Outreach. SpotOn is a series of community events for the discussion of how science is carried out and communicated online. SpotOn London (November 7-9, 2013) is organized by the Nature Publishing Group and represents the flagship conference of the SpotOn series. SpotOn discussions fall into three broad topic areas – policy, outreach, and tools – and this site collates the conversations and other archive material around all of the events. Within the outreach track, Roland and I will contribute to the session about scientist-to-scientist communication using blogs and other online tools. Here is why this pertains to you: in a semi-strategic last-minute move, we managed to reserve one extra ticket that we would like to give to a young scientist who would like to join us in London. Short notice? Spontaneous ideas are sometimes the best ideas. Also, for everybody else, there is one last chance on Friday at 12:00 London time to get tickets. Continue reading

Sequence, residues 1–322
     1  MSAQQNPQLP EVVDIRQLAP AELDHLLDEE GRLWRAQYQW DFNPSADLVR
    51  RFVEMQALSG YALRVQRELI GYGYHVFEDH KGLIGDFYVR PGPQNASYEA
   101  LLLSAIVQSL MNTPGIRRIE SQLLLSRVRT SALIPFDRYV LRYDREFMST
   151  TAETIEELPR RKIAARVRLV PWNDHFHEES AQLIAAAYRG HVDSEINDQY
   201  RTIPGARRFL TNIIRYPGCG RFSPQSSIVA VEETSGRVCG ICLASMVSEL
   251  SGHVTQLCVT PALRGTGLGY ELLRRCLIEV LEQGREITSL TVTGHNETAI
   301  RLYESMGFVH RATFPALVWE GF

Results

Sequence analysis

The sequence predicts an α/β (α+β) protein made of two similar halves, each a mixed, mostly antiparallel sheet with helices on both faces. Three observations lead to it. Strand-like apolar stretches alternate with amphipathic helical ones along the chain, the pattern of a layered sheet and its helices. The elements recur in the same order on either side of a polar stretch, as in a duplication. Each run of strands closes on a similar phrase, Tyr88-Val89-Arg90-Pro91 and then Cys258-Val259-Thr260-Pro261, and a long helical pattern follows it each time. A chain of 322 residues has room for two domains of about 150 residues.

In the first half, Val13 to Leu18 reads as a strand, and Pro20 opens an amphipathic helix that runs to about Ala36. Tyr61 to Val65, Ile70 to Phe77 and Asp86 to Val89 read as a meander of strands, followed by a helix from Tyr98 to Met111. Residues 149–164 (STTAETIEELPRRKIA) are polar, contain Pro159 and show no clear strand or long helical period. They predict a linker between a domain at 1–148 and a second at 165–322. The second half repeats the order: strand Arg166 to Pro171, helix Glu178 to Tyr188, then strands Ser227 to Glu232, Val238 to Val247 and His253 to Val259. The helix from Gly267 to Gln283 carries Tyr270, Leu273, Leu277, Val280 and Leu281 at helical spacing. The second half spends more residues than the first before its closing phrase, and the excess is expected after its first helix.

Endless summer. I am quoting from a representative email that I received this summer from a fellow scientist in the EuroEPINOMICS consortium: “XYZ will reply to you once he is back from his holiday – IF he comes back”. A metereological anomaly had given us one of the longest and most intense summers that I can remember. No rain for roughly four weeks, a new temperature record and a heat that was so intense that the tarmac on the highways started to melt. Accordingly, the motivation in EuroEPINOMICS land to leave the beach behind and return to the office was at an all time low. We spent our summer holiday in Marielyst, Denmark and I just wanted to share some thoughts on how the world of science looks when you’re at the beach. Yes, this post is not too serious. Continue reading